While the vast majority of sexual harassment complaints are made in good faith, there’s always the risk that employees will manipulate the system by making accusations that they know to be baseless. Accordingly, it’s become increasingly common for sexual harassment policies to include language making “false” complaints grounds for discipline. Although well-intended, such provisions may expose your organization to the risk of liability for retaliation if they’re not carefully drafted. Here’s a look at the risk and how to manage it.
False vs. Bad Faith Complaints
The Rule: OHS, human rights, employment standards and other laws make it illegal to discipline, demote or take any other adverse action against an employee in retaliation for complaining about sexual harassment. The complaint need not be true; protection against retaliation applies as long as the employee makes the complaint in good faith.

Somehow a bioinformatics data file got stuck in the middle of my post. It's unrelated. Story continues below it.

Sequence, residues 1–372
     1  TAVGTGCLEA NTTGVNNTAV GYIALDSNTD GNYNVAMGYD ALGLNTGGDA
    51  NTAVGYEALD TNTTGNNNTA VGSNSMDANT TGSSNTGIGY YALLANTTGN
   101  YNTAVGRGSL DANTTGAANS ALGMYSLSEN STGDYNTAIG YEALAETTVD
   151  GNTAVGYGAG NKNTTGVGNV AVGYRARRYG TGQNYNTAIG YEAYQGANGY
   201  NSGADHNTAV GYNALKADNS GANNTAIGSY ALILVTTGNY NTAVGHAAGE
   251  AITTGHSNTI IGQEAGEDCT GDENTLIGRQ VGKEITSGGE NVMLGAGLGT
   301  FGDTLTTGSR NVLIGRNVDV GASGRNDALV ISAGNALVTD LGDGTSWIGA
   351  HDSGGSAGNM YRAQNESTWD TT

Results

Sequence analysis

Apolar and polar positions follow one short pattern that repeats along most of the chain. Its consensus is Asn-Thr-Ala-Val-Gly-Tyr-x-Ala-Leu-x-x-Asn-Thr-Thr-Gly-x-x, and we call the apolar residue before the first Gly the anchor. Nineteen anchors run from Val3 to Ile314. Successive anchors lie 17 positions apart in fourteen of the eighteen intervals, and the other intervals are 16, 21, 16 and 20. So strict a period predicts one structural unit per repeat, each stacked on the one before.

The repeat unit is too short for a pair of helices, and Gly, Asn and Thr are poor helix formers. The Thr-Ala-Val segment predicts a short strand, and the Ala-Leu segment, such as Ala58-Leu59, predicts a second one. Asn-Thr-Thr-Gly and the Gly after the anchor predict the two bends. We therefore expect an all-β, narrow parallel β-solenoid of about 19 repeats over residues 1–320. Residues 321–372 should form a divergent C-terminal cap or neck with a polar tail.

The Takeaway: Punishing an employee for making a “false” sexual harassment complaint puts you in the retaliation danger zone if the employee acts in good faith but the allegation turns out to be untrue. However, if the allegation is not made in good faith, you can discipline the employee without engaging in retaliation.
3 Ways To Protect Yourself
In drafting your sexual harassment policy:
- Reserve the right to punish not false, but bad faith complaints of sexual harassment;
- Specify that a complaint isn’t considered to be bad faith merely because the evidence doesn’t ultimately support the allegation; and
3. Indicate that bad faith requires an investigation finding that the employee who accused another person of sexual harassment acted maliciously knowing the accusation was false or recklessly without regard to whether the accusation was true. [sexual harassment policy – discipline for bad faith accusations]